Purple Lights and Advanced Sign Strategies Cut Conflicts from Last Minute Lane Changing and Weaving by up to 43 Percent at a Toll Plaza in New Hampshire.

Before and After Analysis Performed to Investigate the Effect of Purple Light Strategies on Toll Plaza Lane Changing Movements.

Date Posted

Experimental Traffic Control Device Testing at New Hampshire Toll Plazas

Summary Information

The introduction of automated tolling to toll plazas created environments which require more guidance for drivers so that they can navigate them safely and efficiently. Toll plazas had been designed on a case-by-case basis which led to a lack of consistency and continuity which could confuse drivers. The goal of this project is to understand drivers’ intuitions and behaviors so that proper traffic control devices can be implemented. Purple lights (Figure 1) were deployed with advanced signage to improve operation efficiency and safety by reducing late weaving and lane changing. This specific site also had high-fog risks which increases the need for wayfinding lighting. The total study period stretched from October 10, 2006, to November 4, 2006.


The toll plaza is located on a freeway in a rural setting between two towns. There are six dedicated toll lanes in each direction with two flex lanes in the middle than adjust based upon time of day. Traditional traffic volume data was supplemented with video data that was manually processed to obtain lane changes. Four measures of effectiveness (MOE) were established:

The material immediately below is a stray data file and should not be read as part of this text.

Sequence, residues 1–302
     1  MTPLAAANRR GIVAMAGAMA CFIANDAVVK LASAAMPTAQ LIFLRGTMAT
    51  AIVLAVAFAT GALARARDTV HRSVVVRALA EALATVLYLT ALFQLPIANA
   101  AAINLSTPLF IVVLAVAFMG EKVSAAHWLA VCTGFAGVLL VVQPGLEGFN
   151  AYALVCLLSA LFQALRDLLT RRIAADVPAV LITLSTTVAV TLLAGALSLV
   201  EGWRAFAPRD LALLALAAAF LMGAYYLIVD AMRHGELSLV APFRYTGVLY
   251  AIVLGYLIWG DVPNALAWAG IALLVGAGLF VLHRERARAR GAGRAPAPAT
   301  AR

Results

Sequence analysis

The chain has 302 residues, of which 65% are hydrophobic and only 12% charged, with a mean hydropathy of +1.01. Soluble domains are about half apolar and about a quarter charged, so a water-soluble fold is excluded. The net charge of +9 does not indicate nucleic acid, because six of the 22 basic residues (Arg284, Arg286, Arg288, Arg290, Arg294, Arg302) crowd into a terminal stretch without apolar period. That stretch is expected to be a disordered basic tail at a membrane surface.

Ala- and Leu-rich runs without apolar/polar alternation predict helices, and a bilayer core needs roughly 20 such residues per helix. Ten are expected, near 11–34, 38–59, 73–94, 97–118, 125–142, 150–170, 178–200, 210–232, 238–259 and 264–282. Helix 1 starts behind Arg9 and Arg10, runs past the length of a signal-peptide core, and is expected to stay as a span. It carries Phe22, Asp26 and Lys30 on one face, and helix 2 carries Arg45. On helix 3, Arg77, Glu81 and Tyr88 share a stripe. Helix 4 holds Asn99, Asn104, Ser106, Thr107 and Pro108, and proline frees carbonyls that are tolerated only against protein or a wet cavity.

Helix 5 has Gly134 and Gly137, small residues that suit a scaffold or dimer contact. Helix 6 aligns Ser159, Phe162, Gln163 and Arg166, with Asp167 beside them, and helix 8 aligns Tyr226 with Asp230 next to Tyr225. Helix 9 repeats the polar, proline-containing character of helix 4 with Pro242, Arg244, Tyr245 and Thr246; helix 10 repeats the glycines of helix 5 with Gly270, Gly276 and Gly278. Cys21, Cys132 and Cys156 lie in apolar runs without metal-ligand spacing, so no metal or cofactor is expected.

• MOE 1: Lane changes by automated tolling customers
  • MOE 2: Lane changes by cash customers
  • MOE 3: Percent utilization of dedicated automated tolling lanes
  • MOE 4: Percent of toll violations.


  • MOE 1: A reduction in lane changes range from 8.5 to 31.2 percent was observed, but the number of lane changes from automated tolling customers was not statistically significant.
  • MOE 2: The cash customers performed significantly fewer lane changes with up to a 11 percent reduction for lane #3 (lane accepts both cash and automated tolling) and a 43 percent reduction for lane #6 (Exact Change lane).
  • MOE 3: A statistically significant shift in usage was observed from combined cash/automated tolling lanes into dedicated automated tolling lanes. The lane usage shift indicates that customers are now identifying and using the centrally located dedicated automatic tolling lanes instead of those on the right side of the toll plaza.
  • MOE4: A comparison of the “before” and “after-steady/solid” revealed a statistically significant reduction in toll violations in four out of seven lanes.
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